It was Harvest Day. Mink had broken out in a cold sweat, the way they always did when this day arrived. The fake marble walls around them gleamed and sparkled, projecting an array of shimmers onto their weary body. The floor was a rink of ice under their bare feet. The air was cold and antiseptic.
The nurses that walked Mink to the operating room were always nice; that somehow made the whole process worse. Mink wanted to go to sleep and wake up next week, a few days after they’d healed and a few days before the whole process started again. Instead, they knew that that was impossible. Instead, they were given only a few hours to work the sickness of anesthesia out of their system before being placed back in their pod, left to drift in and out of sleep with a bottle of painkillers, a bottle of water, and pudding. God, Mink hated the pudding.
This time they took Mink’s eyes. It had been a while since Mink had been left without the ability to see after a Harvest, and, in a drugged stupor in their pod, they slipped in and out of sleep. Already, their empty sockets had begun to itch, signalling new growth. Mink wanted to find the asshole that was wearing their eyes, to say: Those aren’t yours; those are mine. They were never yours to take.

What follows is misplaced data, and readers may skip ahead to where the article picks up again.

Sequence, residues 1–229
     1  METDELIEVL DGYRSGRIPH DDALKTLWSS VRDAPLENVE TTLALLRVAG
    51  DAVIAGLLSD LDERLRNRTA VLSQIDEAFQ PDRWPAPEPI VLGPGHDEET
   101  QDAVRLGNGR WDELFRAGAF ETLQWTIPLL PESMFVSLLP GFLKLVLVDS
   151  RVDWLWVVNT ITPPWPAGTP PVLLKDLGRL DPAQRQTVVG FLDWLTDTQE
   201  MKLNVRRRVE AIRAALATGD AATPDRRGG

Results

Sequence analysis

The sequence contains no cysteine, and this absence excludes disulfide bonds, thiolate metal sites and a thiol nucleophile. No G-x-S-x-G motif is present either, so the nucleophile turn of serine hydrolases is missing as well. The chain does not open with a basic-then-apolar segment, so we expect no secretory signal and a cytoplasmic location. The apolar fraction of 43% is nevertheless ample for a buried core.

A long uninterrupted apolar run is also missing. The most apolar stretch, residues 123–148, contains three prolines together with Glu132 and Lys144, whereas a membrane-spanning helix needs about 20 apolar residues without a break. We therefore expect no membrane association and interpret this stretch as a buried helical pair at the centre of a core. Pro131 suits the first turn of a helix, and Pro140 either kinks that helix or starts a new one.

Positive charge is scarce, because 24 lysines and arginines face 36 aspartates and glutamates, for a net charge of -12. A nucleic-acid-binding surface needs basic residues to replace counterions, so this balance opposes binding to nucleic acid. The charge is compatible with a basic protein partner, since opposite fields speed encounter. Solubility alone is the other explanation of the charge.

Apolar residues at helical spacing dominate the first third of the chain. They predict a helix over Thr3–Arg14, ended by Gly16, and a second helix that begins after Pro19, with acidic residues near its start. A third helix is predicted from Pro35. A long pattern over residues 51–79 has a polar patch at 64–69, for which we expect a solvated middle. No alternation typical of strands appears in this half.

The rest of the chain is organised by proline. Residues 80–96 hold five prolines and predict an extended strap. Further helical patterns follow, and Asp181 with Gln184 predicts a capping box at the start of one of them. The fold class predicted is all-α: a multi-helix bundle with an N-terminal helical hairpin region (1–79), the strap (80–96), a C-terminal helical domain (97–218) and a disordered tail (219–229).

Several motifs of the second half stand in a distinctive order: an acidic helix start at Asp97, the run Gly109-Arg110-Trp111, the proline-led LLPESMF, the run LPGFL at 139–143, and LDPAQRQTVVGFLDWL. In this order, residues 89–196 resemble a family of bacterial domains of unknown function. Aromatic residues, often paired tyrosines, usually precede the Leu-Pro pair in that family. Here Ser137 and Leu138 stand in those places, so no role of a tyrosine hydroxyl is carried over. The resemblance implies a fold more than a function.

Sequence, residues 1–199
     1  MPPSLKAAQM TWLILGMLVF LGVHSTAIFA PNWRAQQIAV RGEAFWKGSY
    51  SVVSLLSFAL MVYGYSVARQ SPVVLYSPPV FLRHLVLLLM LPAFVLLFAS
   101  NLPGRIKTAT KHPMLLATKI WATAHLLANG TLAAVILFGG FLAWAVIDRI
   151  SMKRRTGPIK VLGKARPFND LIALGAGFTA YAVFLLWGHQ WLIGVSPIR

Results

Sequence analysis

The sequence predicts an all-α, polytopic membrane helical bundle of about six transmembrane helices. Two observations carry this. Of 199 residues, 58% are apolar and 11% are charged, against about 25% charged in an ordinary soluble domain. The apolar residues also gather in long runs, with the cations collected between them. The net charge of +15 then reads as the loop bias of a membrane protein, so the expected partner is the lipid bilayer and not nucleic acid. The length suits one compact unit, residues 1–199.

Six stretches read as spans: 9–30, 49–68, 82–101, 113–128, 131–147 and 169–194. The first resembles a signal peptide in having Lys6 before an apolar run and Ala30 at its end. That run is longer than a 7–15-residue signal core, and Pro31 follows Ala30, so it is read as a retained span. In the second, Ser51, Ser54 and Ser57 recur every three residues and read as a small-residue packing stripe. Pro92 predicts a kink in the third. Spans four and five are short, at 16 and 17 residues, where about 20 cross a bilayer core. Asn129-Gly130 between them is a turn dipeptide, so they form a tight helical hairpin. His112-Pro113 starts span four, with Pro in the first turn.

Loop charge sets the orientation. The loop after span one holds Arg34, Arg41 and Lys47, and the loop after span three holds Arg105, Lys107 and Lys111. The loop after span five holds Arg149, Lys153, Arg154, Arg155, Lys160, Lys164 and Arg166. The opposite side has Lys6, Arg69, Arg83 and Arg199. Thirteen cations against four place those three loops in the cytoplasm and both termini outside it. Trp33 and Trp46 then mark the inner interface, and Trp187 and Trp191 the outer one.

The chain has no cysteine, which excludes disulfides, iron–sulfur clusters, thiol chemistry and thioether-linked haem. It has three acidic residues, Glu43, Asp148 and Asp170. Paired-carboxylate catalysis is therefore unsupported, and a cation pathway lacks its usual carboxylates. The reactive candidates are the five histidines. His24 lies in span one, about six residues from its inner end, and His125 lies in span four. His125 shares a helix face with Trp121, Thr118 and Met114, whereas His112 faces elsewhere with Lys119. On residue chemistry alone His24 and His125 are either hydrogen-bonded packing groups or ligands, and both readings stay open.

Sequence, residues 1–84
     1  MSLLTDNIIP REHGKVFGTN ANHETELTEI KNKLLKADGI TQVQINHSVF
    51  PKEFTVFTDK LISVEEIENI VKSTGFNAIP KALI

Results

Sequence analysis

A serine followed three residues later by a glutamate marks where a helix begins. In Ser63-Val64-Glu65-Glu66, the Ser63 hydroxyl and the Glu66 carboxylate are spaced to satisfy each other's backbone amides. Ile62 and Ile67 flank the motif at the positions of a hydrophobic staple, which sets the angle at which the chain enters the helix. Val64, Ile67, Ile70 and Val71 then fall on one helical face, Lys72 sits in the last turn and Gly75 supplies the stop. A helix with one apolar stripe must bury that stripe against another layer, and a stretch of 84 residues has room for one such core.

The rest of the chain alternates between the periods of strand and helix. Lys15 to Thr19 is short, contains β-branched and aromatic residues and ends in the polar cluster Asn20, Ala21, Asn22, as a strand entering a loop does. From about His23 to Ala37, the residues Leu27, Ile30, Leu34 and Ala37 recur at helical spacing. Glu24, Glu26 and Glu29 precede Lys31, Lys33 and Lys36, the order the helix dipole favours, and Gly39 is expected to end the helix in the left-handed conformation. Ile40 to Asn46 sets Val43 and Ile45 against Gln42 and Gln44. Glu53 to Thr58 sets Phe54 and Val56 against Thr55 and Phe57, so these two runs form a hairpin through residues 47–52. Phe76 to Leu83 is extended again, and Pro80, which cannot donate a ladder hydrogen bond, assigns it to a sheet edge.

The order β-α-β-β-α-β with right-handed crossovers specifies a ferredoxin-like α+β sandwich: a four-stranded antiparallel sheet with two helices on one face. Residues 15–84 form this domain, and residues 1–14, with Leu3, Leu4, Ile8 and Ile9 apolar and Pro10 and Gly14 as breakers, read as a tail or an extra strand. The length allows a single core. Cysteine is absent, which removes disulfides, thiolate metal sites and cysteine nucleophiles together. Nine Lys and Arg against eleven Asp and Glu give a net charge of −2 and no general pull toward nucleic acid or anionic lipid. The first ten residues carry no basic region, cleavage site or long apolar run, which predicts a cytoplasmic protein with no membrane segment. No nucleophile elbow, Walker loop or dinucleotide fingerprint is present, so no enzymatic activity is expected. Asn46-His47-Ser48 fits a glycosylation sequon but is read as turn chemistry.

Mink didn’t know if it had been hours or days. The cool air that usually blew in through the vents was curiously absent, replaced by a congested clicking and whirring. The LED overhead lights in their pod were off, replaced by the blue glow of the emergency light system that provided scant pinpricks in the gloom. Cool air leaked in through the gap in the lid of their pod. Disbelieving, Mink pushed it open all the way.
All around them, Mink saw that the other pods were ajar, or in the process of being opened. A figure in dark, layered clothing stood facing the rows upon rows of glorified prison cells, their face covered by dust goggles and a balaclava.
“C’mon! Everyone up!” A cheerful voice husked behind layers of cloth. “Let’s get the hell outta here!”
Confused whispers and groans swept around the room like sparse, blowing snow. Mink was confused, too, but they knew one thing: Trusting friendly strangers landed them in this place, and they would be damned if they made the same mistake twice. They climbed out of their pod, and as soon as their feet hit the ground, they ran.
Mink ignored the friendly voice calling after them. Their steps were frantic, their eyes wildly searching for an exit. A door at the end of the hall with heavenly red letters above it drew Mink there—it was a lighthouse after many years at sea.
Stepping out into a humid, foggy night, Mink paused to breathe in fresh air for the first time in a thousand days, and kept running.